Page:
- Associated Press - Sunday, August 16, 2015

JACKSON, Miss. (AP) - An Ohio company is accusing the Mississippi Department of Environmental Quality and two department employees of letting a Mississippi contractor hide pollution at a hazardous waste recycling site in Yazoo City.

U.S. Technology Corp. of Canton, Ohio, says in a federal lawsuit that the alleged actions cost it millions of dollars in extra cleanup costs, The Clarion-Ledger reported (https://on.thec-l.com/1PtmpOy) .

“We cannot comment on ongoing litigation except to say the claims are without merit,” DEQ spokesman Robbie Wilbur said. “We are confident in the work of our staff following the laws and the regulations to ensure the environment and human health are protected.”

The contractor’s former owner, Dennie Eugene Pridemore, pleaded guilty in 2007 to improperly disposing of hazardous metals and lying to cover up the scheme.

DEQ assured U.S. Technology that it visited the site often and approved the operation. It alleges that a DEQ employee knew about holes used to hide or illegally dump barrels of hazardous waste, according to the lawsuit filed in July.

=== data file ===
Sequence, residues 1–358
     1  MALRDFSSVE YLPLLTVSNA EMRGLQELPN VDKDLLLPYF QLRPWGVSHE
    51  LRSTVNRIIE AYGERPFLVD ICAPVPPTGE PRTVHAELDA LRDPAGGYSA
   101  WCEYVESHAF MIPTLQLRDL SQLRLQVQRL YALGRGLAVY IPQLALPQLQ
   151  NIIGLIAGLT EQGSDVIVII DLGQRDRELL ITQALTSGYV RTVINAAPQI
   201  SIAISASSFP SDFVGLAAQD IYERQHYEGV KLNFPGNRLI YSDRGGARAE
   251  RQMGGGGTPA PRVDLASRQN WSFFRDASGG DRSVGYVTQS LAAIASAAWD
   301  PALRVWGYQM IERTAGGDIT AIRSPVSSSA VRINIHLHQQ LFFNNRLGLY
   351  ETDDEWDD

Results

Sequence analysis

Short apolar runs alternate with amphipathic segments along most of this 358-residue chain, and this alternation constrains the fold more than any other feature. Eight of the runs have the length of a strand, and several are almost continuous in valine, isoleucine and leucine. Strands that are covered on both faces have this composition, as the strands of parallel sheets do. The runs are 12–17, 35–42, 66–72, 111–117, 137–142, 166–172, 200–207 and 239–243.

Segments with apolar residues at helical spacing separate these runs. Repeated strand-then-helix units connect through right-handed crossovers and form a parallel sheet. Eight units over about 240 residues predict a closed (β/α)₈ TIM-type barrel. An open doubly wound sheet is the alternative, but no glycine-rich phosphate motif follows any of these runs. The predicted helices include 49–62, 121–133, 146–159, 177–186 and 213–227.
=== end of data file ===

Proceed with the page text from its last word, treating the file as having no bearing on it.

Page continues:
An employee made unannounced visits once or twice a month to Hydromex Inc. in Yazoo City, spending hours there. He inspected concrete pads and was seen standing inside holes at least 5 feet deep, which were used to hide or illegally dispose of barrels of hazardous waste used to strip paint from airplanes.

“Hydromex employees either believed that (the man) approved of all of the activities going on at Hydromex or that a financial benefit was being received to look the other way,” according to the lawsuit.

The Air Force paid Pridemore to recycle the waste, which was contaminated with heavy metals such as cadmium, chromium and lead, according to federal prosecutors.

U.S. Technology’s lawsuit said it paid Hydromex more than $1 million over a 26-month period to recycle spent blast material.

Hydromex was shut down in November 2002.

“The current delay in finishing and closing the site has caused substantial damages as well as handling the additional material which our client alleges should not have been on site if the misrepresentations and concealment had not occurred,” said Laura Mills, an attorney for UST.


Information from: The Clarion-Ledger, https://www.clarionledger.com

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